A Member of the Constitutional, Legal and Parliamentary Affairs Committee of Parliament, Rockson Dafeamekpor, today [Wednesday], walked out of a meeting to consider an agreement with the United States of America for a defence cooperation arrangement, that will allow them to have a camp in Ghana for its military forces.
Mr. Dafeamekpor, a member of the National Democratic Congress (NDC) Minority, said the agreement that had been brought before the House for ratification had not been signed by government, hence his decision to leave the meeting.
“As a Member of Parliament, I cannot be part of a process that will go and vary the terms of a memorandum that is yet to be signed. There is no signature on the memorandum. The memo accompanying the memorandum to Parliament says in paragraph three that Cabinet approved the memorandum and approved and recommended same for Parliament for ratification. So the exercise we are being called upon to engage in is to ratify. We are simply to look at it and by consensus or voting approve of the agreement,” he said.
[contextly_sidebar id=”yarlq2RMkBDDoIVTOrhjNzVVeFN5bOxT”]“The document they have brought to Parliament is neither an agreement nor a Bill. So we are asking the government to do the appropriate thing. They should take back the memorandum, execute it and bring it to Parliament for our ratification.”
Nitiwul lays document in Parliament
The Minister of Denfense, Dominic Nitiwul, on Tuesday laid before Parliament a document seeking to ratify an agreement for space around the Kotoka International Airport, which will serve as a camp for some US military forces in Ghana.
The agreement will among other things, exempt the US government from paying taxes on equipment that is brought to Ghana.
They will also be given the chance to set their own telecommunication system, although they will be allowed to use Ghana’s radio spectrum free of charge.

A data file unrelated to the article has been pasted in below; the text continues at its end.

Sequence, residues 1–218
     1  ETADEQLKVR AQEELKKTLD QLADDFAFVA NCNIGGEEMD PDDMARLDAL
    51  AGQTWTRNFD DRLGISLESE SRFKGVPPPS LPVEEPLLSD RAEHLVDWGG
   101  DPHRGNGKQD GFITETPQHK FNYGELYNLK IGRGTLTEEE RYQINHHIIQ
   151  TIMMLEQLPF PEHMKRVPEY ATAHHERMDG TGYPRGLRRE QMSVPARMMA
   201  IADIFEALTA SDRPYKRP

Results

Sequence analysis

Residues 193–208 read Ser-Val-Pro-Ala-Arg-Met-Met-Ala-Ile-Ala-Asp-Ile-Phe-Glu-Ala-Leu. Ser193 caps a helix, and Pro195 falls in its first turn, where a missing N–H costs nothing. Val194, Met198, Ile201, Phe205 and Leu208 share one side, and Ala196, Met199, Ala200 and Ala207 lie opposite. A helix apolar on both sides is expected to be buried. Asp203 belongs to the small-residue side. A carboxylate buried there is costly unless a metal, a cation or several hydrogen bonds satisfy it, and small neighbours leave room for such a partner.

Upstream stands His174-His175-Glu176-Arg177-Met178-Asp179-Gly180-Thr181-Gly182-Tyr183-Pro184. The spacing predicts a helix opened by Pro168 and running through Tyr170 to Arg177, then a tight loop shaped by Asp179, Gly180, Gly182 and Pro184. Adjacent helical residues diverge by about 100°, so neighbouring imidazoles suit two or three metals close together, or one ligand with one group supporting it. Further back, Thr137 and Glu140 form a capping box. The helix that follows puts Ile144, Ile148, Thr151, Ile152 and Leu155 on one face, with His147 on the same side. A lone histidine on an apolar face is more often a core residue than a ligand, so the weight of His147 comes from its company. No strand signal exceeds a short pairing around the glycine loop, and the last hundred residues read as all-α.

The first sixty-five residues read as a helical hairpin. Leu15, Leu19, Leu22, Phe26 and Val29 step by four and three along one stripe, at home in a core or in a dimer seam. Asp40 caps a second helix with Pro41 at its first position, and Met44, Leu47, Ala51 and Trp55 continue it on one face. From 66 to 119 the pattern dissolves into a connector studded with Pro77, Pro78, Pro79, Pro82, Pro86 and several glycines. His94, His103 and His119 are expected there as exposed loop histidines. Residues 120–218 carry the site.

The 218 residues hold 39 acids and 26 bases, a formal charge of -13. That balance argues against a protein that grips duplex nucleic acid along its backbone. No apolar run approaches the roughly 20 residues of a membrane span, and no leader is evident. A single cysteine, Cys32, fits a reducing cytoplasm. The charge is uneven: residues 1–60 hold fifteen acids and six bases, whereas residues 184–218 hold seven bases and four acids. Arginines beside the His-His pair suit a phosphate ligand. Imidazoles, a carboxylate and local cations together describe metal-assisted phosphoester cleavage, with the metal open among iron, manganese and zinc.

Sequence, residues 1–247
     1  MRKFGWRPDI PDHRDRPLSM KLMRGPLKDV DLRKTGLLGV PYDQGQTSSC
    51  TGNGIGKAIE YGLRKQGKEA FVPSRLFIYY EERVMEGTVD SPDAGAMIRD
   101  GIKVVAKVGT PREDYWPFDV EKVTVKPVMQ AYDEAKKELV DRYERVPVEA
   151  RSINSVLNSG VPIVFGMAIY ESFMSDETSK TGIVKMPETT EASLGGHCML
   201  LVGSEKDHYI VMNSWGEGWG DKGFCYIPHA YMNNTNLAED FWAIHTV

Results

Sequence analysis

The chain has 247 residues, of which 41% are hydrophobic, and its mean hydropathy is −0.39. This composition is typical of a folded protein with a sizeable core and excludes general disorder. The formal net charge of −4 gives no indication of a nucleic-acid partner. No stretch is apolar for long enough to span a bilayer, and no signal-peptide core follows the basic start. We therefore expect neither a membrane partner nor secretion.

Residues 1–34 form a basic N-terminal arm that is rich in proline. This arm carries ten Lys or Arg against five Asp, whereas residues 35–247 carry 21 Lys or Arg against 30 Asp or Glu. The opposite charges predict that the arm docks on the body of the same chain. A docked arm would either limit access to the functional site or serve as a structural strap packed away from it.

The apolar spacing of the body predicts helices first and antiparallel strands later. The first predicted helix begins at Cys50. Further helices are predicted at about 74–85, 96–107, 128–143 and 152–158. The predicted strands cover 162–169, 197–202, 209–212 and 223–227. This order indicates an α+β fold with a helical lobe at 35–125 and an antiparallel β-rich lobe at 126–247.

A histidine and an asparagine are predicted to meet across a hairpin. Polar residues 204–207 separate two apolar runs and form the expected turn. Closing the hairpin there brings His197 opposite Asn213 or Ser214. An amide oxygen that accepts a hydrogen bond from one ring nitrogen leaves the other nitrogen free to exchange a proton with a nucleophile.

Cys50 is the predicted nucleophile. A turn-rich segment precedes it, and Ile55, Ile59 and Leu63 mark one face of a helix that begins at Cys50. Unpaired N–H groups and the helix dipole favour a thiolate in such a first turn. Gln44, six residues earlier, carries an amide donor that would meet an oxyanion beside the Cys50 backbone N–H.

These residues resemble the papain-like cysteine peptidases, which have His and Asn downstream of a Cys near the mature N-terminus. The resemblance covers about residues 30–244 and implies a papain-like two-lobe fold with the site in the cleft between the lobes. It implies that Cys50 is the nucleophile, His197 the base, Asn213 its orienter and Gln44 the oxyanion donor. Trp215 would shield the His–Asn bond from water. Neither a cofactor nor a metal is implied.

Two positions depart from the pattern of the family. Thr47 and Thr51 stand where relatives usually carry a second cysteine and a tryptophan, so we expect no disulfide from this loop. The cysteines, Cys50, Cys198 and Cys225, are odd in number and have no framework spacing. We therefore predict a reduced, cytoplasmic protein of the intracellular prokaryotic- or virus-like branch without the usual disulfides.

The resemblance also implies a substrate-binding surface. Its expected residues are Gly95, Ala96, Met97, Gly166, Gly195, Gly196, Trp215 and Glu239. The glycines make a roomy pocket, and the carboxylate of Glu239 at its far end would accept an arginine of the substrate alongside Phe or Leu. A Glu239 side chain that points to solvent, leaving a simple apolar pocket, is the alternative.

Although many Ghanaians have expressed resentment over the clauses of the agreement, the Defence Minister, Dominic Nitiwul, said the agreement is in the best interest of Ghana.
The United States Embassy in Ghana also denied reports that the US government is planning to establish a military base in Ghana, saying “This year, the United States of America is investing over $20 million in training and equipment for the Ghanaian armed forces. Ghana is also once again preparing to train U.S forces – as it did in 2017. The United States and Ghana are planning joint security exercises in 2018, which require access to Ghanaian bases by US participants and those from other nationals when included.”
It said it is only planning joint security exercises with Ghana, which will require that US military personnel are allowed access to Ghana’s military facilities.
Speaking to Citi News after walking out of the meeting, Mr. Dafeamekpor, who is also the MP for South Dayi, called on government to withdraw the document from Parliament, make the necessary amendments before re-laying in the House.
“They [government] want to use the backdoor process to leave the agreement for Parliament to review so that if there is a problem tomorrow then Parliament will be blamed. We have discovered this fundamental flaw in terms of procedure, and I’m bringing it to the attention of every well-meaning Ghanaian that this procedure is flawed, it ought not to be accepted, Parliament is being hoodwinked,” he said.
“Nobody realized and raised the fundamental issue on the floor, so we are raising it here at the committee level, but they are not minded to agree. But I don’t think me as a Member of Parliament will be part of this process. What they are doing, they are asking us to be part of the negotiation, it is not our role,” the South Dayi MP added.
By: Godwin Akweiteh Allotey/citifmonline.com/Ghana